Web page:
In June, I attended a rabbinic conference – my first one in four years! – and picked up a slender volume titled ‘Awakenings – American Jewish Transformations in Identity, Leadership, and Belonging’ written by Rabbis Joshua Stanton and Benjamin Spratt. The spicy premise of the book is anticipating paradigm shifts in the American Jewish community, which sounds… interesting but also a little dry. Behind the data, the facts and the sound-bytes, there are the stories of us; Jewish, Jewish-adjacent and ‘Jew-curious’ folks in the United States.
There are three take-aways from the book that I invite you to explore with me.
- We Jews are loved more than we are hated – Ashreinu: how fortunate are we…
- There is an exploding interest in Judaism – Mah tov: and how good is…
- Choosing our own Judaism is the entryway into Jewish joy – Chelkeinu: our portion.
These stories exist side-by-side, next to each other, sometimes in creative tension, sometimes in conflict. Let’s try and find ourselves in them.
Here’s the first story, our preamble. This is the hard part.
These last few weeks, we have seen the conviction of the Pittsburgh synagogue murderer, leading to an instinctive reaction: ‘my God, it’s been five ?’
The moment the news broke will forever be etched in my mind. A small minyan of us were in the morning service. I was about to read the Akeidah, the Binding of Isaac, the same portion that we will read today and tomorrow. The first congregant had been called up and blessed the Torah. ‘…Asher bachar banu mikol ha’amim’ – ‘Who has chosen us from among the nations…’
With the yad – the pointer – in my hand, I saw our beloved Emeritus, Rabbi Jeff, quietly step onto the bimah and lean into me, whispering:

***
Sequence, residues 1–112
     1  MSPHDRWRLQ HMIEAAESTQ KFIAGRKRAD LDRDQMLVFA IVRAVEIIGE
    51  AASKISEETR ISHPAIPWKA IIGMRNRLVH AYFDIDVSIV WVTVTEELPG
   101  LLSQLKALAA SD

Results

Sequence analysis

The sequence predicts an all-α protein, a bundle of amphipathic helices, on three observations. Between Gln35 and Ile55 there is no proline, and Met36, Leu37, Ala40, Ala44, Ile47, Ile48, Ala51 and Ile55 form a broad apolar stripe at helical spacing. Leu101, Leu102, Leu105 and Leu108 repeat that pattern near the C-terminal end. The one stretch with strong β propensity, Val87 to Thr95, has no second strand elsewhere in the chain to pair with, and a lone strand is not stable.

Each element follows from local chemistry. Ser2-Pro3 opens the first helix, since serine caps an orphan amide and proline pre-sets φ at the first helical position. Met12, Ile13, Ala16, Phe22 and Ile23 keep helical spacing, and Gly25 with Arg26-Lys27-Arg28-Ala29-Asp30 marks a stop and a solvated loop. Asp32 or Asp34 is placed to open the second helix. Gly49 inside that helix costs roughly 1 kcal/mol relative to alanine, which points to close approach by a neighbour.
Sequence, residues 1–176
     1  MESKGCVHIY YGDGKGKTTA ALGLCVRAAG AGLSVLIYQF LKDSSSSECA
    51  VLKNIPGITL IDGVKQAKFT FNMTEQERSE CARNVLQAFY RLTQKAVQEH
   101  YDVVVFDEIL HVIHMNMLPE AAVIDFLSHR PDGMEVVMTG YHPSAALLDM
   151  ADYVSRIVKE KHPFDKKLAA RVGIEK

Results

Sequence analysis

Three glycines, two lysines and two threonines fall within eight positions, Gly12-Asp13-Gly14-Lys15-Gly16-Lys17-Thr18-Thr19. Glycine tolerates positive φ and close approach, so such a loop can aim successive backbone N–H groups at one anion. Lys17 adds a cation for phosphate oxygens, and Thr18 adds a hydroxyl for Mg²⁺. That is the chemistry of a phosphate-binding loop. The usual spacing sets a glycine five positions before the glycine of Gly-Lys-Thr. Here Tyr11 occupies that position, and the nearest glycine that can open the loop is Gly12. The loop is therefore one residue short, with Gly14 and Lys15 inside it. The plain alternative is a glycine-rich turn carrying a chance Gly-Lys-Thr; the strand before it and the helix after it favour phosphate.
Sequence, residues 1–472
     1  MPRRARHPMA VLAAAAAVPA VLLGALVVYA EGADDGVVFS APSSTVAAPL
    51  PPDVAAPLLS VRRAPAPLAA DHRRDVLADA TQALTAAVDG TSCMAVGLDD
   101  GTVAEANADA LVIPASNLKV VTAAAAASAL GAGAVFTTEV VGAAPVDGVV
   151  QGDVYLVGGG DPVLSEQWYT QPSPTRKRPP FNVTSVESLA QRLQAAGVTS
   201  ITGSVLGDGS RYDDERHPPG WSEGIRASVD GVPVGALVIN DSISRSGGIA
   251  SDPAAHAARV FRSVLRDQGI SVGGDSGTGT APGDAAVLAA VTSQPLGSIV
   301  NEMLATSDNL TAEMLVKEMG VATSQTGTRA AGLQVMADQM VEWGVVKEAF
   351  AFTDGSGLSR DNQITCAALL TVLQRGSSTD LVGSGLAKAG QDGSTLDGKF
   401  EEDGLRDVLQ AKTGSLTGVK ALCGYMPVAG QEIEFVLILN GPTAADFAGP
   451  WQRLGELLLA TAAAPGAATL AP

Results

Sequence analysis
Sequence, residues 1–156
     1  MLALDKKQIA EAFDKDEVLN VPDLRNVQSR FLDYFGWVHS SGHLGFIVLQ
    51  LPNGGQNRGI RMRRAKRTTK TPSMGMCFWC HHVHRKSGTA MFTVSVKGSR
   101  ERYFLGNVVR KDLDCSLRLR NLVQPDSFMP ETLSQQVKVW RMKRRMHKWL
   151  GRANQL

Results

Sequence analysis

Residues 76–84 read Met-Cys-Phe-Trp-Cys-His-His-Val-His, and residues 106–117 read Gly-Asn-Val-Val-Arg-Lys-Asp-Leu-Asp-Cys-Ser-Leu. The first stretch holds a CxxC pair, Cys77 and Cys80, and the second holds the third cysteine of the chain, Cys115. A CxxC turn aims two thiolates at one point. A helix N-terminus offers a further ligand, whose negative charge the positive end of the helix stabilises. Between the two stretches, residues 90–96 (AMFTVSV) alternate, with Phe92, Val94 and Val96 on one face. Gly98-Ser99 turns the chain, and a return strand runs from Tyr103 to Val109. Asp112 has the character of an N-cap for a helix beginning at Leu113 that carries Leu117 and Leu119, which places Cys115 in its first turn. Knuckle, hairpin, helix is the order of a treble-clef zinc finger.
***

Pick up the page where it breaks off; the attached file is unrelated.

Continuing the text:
‘Eleven Jews have been shot in a synagogue in Pittsburgh’.
Our minyan collectively froze, blood curdling to ice in our veins.
‘Who has chosen us from among the nations…’ the blessing became a cruel, bitter echo of the Jewish past.
Five years on, synagogues have instated safety protocols, amassed communal resources, and the White House appointed Dr. Deborah Lipstadt as a Special Envoy for Monitoring and Combatting Antisemitism. The experience of American Jews has darkened as anti-Jewish hatred has increased and infiltrated many sectors of society, from the seedy underbelly of the Internet to the august halls of Congress.
While sociological data can be infamously hard to gather and parse, that ‘nearly two-thirds of religiously motivated hate crimes target Jews or Jewish institutions.’ Our synagogue was a target also, when local streets (including the street on which my family lives) were littered in December 2022 by Neo-Nazis.
This is one story, and we sit with it, holding our discomfort and concern, our anger and our sorrow.
But, dear friends, that is not the only story.
Here is another story.
‘If this is what Judaism is like, sign me up!’
I’ve heard that compliment when ‘rabbi’ing’ in our community. Sometimes the encounter happens through distinctly Jewish rituals. A shivah minyan. A baby blessing. A B-Mitzvah. At other times, people are drawn to ‘public space Judaism’, part of our interfaith and outreach work in the community or even my rabbinic engagement at the University of Iowa. A Hanukkah story time, a demonstration for reproductive rights at the Pentacrest, a challah baking class at the Iowa City Public library. Unaffiliated Jews connect with us through social media and friendship groups.
The Jew-curious run into us at Iowa City Pride. Coming from a different cultural framework in Europe, I never cease to be amazed by how respectful and kind people can be, and how eager and happy they are to learn.
The experiences of Jewish communal leaders and professionals, as well as Pew Report data, bears this out too. Pop-culture references to Jewishness are near-ubiquitous, from the Barbie movie (the monologue given near the end of the movie by Ruth Handler, a.k.a. ‘The Creator’, was one of the most Jewish speeches I have heard in modern filmmaking) down to the new Adam Sandler film ‘You are So Not Invited to My Bat Mitzvah’.